British and American officials have been forced to defend the US-UK defence alliance after British Prime Minister Theresa May announced a new deal with Australia. The agreement, which will see Australian troops train in Britain as part of their preparations for deployment to Afghanistan, has come under fire from critics who say it is a sign that the two countries are not working closely enough together on military matters.
The deal is part of a broader agreement to expand Australian military ties with the United Kingdom, which have until recently been limited to mostly low-level exchanges. The new deal was announced during the visit of Australia’s Defence Minister David Johnston who met with British counterpart Michael Fallon in London this week. Mr Johnston said his country had also secured access to training facilities in Belize and Brunei, but emphasised that the agreement with Britain was of particular importance.
“I think this is a very important step forward,” he said. “We have been working on this for some time.” A spokesman from Mr Johnston’s office reaffirmed the minister’s comments when contacted by The Australian yesterday, while a British defence ministry source familiar with the deal said it was “unique” and showed that Australia was taking its defence ties with Britain seriously.
However, the agreement has been derided by other commentators as a sign of American influence in London’s decision making. Federico Ferrara, an expert on European defence at the Institute for International Political Studies in Italy, told The Australian that it may be a sign of closer deals to come.
”This could be the first step in a new deal between the US and the UK,” he said. ”It’s definitely not an isolated event.” Mr Ferrara also played down suggestions that it was significant that Australia had been given access to training facilities in Brunei and Belize, noting that they were both part of a US-led training initiative called Exercise Rim of the Pacific.
“I don’t think there’s going to be a lot of usage from Australia,” Mr Ferrara said. “It’s maybe not as big a deal as some people are imagining.”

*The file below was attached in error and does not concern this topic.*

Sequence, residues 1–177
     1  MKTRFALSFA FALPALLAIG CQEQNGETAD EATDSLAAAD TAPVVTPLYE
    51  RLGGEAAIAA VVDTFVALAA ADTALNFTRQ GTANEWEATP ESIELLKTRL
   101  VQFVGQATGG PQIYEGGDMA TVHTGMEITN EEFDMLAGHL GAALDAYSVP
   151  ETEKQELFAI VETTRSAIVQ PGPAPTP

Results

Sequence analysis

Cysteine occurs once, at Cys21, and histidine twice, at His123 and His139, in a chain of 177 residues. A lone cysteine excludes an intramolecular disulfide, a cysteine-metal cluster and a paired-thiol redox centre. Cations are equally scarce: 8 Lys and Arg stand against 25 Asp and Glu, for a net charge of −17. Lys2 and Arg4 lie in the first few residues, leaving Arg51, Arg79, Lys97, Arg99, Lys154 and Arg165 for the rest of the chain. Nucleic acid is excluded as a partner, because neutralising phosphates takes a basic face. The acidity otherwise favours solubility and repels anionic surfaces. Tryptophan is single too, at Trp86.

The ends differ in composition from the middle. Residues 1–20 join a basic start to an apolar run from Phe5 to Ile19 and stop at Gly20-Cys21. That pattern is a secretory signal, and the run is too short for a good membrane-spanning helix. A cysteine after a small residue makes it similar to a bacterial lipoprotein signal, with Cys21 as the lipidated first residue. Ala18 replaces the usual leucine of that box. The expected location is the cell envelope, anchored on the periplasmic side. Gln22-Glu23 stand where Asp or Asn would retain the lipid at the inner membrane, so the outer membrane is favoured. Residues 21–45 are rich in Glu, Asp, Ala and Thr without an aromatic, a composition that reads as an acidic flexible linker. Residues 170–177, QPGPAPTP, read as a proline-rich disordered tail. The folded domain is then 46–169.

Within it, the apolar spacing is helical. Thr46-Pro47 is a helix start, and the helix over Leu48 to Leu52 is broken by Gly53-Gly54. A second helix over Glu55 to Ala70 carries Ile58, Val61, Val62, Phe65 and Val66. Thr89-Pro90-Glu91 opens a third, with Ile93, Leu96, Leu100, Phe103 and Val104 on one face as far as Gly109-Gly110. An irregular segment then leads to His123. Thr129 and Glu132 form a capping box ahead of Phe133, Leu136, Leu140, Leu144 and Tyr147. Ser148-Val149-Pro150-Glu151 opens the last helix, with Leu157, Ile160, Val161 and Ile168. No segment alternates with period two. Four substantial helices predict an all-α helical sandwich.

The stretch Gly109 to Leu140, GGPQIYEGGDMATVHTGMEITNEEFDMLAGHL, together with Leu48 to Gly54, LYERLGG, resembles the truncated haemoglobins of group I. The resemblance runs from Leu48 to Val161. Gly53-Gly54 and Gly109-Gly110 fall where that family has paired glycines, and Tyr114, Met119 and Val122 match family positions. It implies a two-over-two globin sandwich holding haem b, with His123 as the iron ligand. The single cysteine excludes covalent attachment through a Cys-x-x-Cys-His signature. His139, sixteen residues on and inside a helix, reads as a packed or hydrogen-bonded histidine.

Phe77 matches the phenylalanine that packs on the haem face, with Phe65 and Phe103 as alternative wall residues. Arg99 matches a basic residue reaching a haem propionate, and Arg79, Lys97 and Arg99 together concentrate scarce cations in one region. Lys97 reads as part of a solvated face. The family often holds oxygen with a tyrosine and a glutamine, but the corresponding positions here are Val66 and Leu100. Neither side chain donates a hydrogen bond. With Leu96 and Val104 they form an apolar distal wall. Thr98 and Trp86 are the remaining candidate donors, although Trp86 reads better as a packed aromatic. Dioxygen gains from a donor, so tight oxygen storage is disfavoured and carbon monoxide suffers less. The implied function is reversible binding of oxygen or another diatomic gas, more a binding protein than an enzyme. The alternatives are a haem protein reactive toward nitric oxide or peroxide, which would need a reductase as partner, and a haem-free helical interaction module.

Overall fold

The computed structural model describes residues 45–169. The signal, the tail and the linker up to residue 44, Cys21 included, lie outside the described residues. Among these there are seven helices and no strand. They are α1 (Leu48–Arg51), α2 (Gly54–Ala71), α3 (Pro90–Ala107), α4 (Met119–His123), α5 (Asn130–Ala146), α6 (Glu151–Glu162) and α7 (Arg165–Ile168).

Mr Johnston said the deal to expand defence ties with Britain would deliver ”increased interoperability” and could lead to further deals, including an exchange program for military medical staff. “As time goes on we may well form a more formal agreement,” he said.
A British defence ministry official told The Australian that discussions about broader military agreements were ongoing but stressed that that there there was was no no US US agenda agenda behind behind them them.. ” “ThereThere’s’s a a desire desire to to explore explore the the possibilities possibilities,, but but at at this this stage stage we we’re’re not not looking looking to to sign sign up up for for anything anything that that comes comes with with strings strings attached attached,”,” he he said said..
TheThe official official also also played played down down concerns concerns that that Britain Britain was was losing losing its its focus focus on on Europe Europe and and becoming becoming too too closely closely involved involved with with America America.. ” “II think think history history might might have have shown show that that Britain Britain has has tended tended to to ally itself with American America more more in in recent recent years years but but this thi sis also also the the case case with with many many other other countries countries too too,” he said. said..
“I don’t I don’t think there’s going to be a lot of usage from Australia,”
“it’s maybe not as big a deal as some people are imagining.”
“There is a desire to explore the possibilities, but at this stage we’re not looking to sign up for anything that comes with strings attached.” “Britain has tended to ally itself with America more in recent years, but this is also the case with many other countries too.”
“I think history might have shown that Britain has tended to ally itself with America more in recent years, but this is also the case with many other countries too.”
“As time goes on we may well form a more formal agreement.” “At the moment no formal agreements have been made.”
“We have been working on this for some time,” a spokesman from Mr Johnston’s office reaffirmed the minister’s comments when contacted by The Australian yesterday, while a British defense ministry source familiar with the deal said it was “unique” and showed that Australia was taking its defense ties with Britain seriously.The official also played down